Parse NMEA strings from GPS devices.
C Makefile Shell HTML
Permalink
Failed to load latest commit information.
Hazer
.gitignore
LICENSE.txt
Makefile
README.md

README.md

com-diag-hazer

Copyright 2017 by the Digital Aggregates Corporation, Colorado, USA.

LICENSE

This library is free software; you can redistribute it and/or modify it under the terms of the GNU Lesser General Public License as published by the Free Software Foundation; either version 2.1 of the License, or (at your option) any later version.

Alternative commercial licensing terms are available from the copyright holder. Contact Digital Aggregates Corporation for more information.

This library is distributed in the hope that it will be useful, but WITHOUT ANY WARRANTY; without even the implied warranty of MERCHANTABILITY or FITNESS FOR A PARTICULAR PURPOSE. See the GNU Lesser General Public License for more details.

You should have received a copy of the GNU Lesser General Public License along with this library; if not, contact

Free Software Foundation, Inc.
59 Temple Place, Suite 330
Boston MA 02111-1307 USA
http://www.gnu.org/copyleft/lesser.txt

ABSTRACT

This file is part of the Digital Aggregates Corporation Hazer package. Hazer is a simple C-based parser of the National Marine Electronics Association (NMEA) strings produced by the USGlobalSat BU-353S4 Global Positioning System (GPS) device, a tiny little external GPS receiver that emits NMEA strings over its built-in serial-to-USB adaptor. The BU-353S4 is based on the SiRF Star IV chipset. If you want to futz around with satellite geolocation, the BU-353S4 is a inexpensive and easy way to do it. Hazer parses GGA, GSA, GSV, and RMC sentences produced by a GPS "talker". While I used the BU-353S4 to test the software, it is likely usable for any GPS receiver that conforms to NMEA 0183 4.10. Unlike the Drover project, Hazer does its own NMEA parsing.

Hazer includes a gpstool utility to display the interpreted GPS data. gpstool accepts NMEA sentences from standard input, from a serial(ish) device, or from a UDP socket.

> gpstool -?

usage: gpstool [ -d ] [ -v ] [ -D DEVICE ] [ -b BPS ] [ -7 | -8 ]  [ -e | -o | -n ] [ -1 | -2 ] [ -l | -m ] [ -h ] [ -s ] [ -W NMEA ] [ -R | -E ] [ -A ADDRESS ] [ -P PORT ] [ -O ]
       -1          Use one stop bit for DEVICE.
       -2          Use two stop bits for DEVICE.
       -4          Use IPv4 for ADDRESS, PORT.
       -6          Use IPv6 for ADDRESS, PORT.
       -7          Use seven data bits for DEVICE.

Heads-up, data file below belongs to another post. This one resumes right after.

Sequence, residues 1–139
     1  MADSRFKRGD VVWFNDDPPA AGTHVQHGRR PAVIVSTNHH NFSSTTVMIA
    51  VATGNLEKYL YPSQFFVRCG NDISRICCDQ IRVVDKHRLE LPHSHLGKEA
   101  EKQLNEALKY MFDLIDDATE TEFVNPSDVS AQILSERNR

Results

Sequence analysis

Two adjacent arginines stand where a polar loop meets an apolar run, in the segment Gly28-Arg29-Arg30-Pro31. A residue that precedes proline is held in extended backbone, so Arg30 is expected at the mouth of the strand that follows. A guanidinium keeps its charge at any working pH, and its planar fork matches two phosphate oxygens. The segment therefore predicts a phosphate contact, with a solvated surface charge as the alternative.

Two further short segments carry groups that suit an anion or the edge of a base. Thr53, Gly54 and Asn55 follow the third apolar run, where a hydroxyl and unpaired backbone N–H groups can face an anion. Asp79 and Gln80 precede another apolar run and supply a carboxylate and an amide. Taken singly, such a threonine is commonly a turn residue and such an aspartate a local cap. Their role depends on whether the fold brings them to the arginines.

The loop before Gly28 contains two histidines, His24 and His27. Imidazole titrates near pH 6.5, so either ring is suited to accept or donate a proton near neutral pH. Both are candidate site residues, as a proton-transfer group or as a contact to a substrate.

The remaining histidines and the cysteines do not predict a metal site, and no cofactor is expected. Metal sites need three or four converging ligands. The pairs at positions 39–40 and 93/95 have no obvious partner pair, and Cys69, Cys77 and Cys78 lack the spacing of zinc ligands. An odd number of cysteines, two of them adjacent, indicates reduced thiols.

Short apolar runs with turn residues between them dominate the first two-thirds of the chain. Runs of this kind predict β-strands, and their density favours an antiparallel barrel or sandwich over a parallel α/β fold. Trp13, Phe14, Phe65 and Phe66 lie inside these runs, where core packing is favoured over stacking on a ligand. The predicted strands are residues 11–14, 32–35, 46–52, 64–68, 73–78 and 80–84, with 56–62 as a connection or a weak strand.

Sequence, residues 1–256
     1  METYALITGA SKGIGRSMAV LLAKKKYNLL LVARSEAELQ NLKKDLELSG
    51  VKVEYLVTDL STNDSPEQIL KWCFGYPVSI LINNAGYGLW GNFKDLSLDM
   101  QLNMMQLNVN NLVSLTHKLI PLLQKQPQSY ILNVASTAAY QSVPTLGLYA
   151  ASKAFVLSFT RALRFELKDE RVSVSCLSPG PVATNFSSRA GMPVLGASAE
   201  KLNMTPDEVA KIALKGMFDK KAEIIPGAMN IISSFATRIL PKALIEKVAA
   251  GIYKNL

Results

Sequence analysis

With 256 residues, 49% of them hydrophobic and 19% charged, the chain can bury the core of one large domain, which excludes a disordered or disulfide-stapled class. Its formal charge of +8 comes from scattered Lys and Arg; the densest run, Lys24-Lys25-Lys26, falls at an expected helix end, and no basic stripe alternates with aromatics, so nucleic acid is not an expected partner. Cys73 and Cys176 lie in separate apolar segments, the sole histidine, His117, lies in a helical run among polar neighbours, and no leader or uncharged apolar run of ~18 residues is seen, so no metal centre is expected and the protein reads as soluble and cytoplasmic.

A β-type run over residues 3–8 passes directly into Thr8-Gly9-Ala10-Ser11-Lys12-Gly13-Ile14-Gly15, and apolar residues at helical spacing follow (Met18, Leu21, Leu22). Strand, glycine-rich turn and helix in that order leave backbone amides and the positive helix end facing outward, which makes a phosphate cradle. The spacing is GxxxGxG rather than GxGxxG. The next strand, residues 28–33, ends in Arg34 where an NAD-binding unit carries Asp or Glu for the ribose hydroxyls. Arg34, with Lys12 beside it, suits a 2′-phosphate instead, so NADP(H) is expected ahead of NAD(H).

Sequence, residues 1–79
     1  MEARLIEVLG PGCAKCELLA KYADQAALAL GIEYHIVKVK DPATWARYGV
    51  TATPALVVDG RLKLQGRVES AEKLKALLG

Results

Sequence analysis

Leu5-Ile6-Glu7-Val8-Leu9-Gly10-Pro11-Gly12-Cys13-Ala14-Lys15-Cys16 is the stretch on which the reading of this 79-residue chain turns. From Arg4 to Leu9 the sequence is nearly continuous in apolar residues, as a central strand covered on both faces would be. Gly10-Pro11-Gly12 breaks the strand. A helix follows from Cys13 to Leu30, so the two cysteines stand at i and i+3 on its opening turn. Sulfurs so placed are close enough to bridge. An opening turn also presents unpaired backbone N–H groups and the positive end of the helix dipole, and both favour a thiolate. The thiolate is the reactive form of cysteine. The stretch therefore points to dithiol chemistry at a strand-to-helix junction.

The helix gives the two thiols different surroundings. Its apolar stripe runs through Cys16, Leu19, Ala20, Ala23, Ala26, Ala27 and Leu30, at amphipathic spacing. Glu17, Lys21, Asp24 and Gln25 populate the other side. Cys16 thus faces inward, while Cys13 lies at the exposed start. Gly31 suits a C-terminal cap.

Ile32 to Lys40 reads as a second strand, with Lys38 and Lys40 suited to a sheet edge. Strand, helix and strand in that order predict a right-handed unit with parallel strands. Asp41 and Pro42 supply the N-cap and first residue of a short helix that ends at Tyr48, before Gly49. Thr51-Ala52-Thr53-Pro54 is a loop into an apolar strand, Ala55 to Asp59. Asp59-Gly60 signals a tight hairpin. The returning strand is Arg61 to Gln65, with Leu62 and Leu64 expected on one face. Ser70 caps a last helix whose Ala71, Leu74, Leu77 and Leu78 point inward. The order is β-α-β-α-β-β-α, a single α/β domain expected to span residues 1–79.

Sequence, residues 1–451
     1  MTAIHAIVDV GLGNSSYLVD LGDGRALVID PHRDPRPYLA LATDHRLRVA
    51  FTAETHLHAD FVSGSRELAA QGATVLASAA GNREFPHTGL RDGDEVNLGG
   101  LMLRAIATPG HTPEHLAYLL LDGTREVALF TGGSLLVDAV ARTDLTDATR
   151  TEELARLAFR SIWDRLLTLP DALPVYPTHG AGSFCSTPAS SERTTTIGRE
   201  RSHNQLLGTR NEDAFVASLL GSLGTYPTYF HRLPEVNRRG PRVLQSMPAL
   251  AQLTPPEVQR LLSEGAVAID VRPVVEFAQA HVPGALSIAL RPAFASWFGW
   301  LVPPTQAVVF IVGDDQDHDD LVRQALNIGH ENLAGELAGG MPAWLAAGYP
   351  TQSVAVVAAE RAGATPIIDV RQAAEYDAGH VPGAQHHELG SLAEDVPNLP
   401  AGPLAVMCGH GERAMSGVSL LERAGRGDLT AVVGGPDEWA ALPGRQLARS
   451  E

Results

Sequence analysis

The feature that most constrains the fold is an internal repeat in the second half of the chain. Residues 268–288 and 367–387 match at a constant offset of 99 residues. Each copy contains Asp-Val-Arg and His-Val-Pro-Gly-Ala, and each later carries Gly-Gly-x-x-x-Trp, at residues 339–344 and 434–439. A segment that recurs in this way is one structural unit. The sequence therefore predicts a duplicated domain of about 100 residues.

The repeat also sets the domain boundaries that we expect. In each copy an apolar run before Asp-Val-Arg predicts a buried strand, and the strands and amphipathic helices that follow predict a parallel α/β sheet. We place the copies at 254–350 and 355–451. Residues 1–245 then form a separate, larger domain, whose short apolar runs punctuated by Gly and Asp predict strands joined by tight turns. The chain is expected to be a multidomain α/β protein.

-8          Use eight data bits for DEVICE.
       -A ADDRESS  Send sentences to ADDRESS.
       -D DEVICE   Use DEVICE.
       -E          Like -R but use ANSI escape sequences.
       -O          Write sentences to DEVICE.
       -P PORT     Send to or receive from PORT.
       -R          Print a report on standard output.
       -W NMEA     Append * and checksum to NMEA and emit to DEVICE.
       -b BPS      Use BPS bits per second for DEVICE.
       -d          Display debug output on standard error.
       -e          Use even parity for DEVICE.
       -l          Use local control for DEVICE.
       -m          Use modem control for DEVICE.
       -o          Use odd parity for DEVICE.
       -n          Use no parity for DEVICE.
       -h          Use RTS/CTS for DEVICE.
       -r          Reverse use of standard output and error.
       -s          Use XON/XOFF for DEVICE.
       -v          Display verbose output on standard error.

The Hazer library itself is standlone other than the usual standard C and POSIX libraries. But the gpstool is also built on top of the Digital Aggretates Corporation Diminuto package. Diminuto is a general purpose C-based systems programming library that supports serial port configuration, socket-based communication, and a passle of other stuff. If you don't build Diminuto where the Makefile expects it, some minor Makefile hacking might be required.

https://github.com/coverclock/com-diag-diminuto

Here is an example of using gpstool to read an NMEA sentence stream from a serial device at 4800 8n1, display the data using ANSI escape sequences to control the output terminal, and forwards NMEA sentences to a remote instance of itself listing on port 5555.

> gpstool -D /dev/ttyUSB0 -b 115200 -8 -n -1 -E -6 -A lead -P 5555

$GPRMC,144706.200,A,3947.6533,N,10509.2013,W,0.25,305.51,090217,,,D
RMC 2017-02-09T14:47:06Z { 39 47' 39.19"N 105 09' 12.07"W } 5641.99' NW 0.29mph
MAP { 39.794222,-105.153355 } 1719.700 305.510 0.250 [9] 8 9 5 5 33
GSA { 18 10 21 32 27 24 14 15 20 } [09/11/12] pdop 1.80 hdop 1.10 vdop 1.40
GSV [01/11/48] sat 18 elv 65 azm  50 snr 37dBHz
GSV [02/11/48] sat 10 elv 64 azm 322 snr 40dBHz
GSV [03/11/48] sat 21 elv 50 azm 145 snr 47dBHz
GSV [04/11/48] sat 32 elv 50 azm 222 snr 44dBHz